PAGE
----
In January, IASLC announced the appointment of Emily Stone, MBBS, PhD, as the new editor-in-chief of JTO Clinical and Research Reports (JTO CRR), the official open-access journal of the IASLC. Dr. Stone is a consultant respiratory physician and head of thoracic medicine within the Department of Thoracic Medicine and Lung Transplantation at St Vincent’s Hospital in Sydney, Australia.
ILCN recently spoke with Dr. Stone, who discussed her background, her passion for respiratory medicine, and her vision for JTO CRR.
ILCN: What first drew you to respiratory medicine, and then lung cancer screening and tobacco control specifically?
Dr. Stone: I did a term of respiratory medicine when I was training, and I liked the work, and I really liked the people. I also liked the fact that it was very visual—looking at scans, looking at images—I loved that. I liked the crossover between critical care medicine and between infectious diseases, as well as the links to cardiology, so I found respiratory medicine to be a very broad, yet very central discipline.
Later, I started doing some multidisciplinary team research and one of the supervisors on that team was involved in lung cancer screening, so that’s how I first became interested in that. Tobacco control, on the other hand, was a bit of an accident. I had joined the IASLC and got interested in joining a committee, so I put my name forward. I ended up being put on the Tobacco Control Committee, which I’d never thought of, and that was one of the luckiest moments of my life.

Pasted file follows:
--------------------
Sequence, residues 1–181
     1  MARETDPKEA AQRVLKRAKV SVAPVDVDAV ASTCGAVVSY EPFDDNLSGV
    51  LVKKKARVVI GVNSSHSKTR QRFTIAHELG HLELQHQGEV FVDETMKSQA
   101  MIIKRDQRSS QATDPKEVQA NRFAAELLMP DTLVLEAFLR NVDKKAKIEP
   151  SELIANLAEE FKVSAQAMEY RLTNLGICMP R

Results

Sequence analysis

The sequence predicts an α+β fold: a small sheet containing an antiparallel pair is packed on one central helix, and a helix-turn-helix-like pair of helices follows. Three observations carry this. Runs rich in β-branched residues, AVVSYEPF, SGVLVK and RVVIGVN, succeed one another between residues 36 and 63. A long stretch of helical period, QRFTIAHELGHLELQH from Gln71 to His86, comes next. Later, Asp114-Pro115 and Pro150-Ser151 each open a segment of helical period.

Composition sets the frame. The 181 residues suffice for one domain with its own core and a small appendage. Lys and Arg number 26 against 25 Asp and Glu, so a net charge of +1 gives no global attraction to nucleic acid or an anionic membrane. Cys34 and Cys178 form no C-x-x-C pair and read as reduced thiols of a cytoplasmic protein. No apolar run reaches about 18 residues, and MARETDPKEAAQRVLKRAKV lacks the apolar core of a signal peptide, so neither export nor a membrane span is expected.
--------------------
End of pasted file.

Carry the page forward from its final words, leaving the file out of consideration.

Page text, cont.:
I started attending the meetings and getting to know key people on the committee, and I quickly started to learn about tobacco control and smoking cessation and how important it is for all aspects of public health and preventative health. I started to learn about and became more and more interested in health policy, about how governments interact with health systems, and the role of clinicians. Things just took off from there—it’s a path that continues to unfold itself before me in many ways.
ILCN: You were an active contributor to JTO and JTO CRR before taking the role as JTO CRR’s editor-in-chief. One of your regular contributions has been to the JTO’s monthly Tobacco Control section, which is celebrating its 10th anniversary this month. How has that section evolved during the past 10 years, and why do you think it’s maintained its popularity with readers throughout the years?
Dr. Stone: It’s evolved kind of similarly to my whole career in tobacco control—organically, but with valuable contributions from key people along the way, many of whom I got to know through the IASLC Tobacco Control Committee and beyond. What I have found is that some of the very best people in medicine work in tobacco control. And I think they might be the best because it very much requires people to be humble, open-minded, and have a volunteer approach. It’s not sexy or well paying, so the people who are working in this area really want to be there, and are very passionate, engaged, and honest.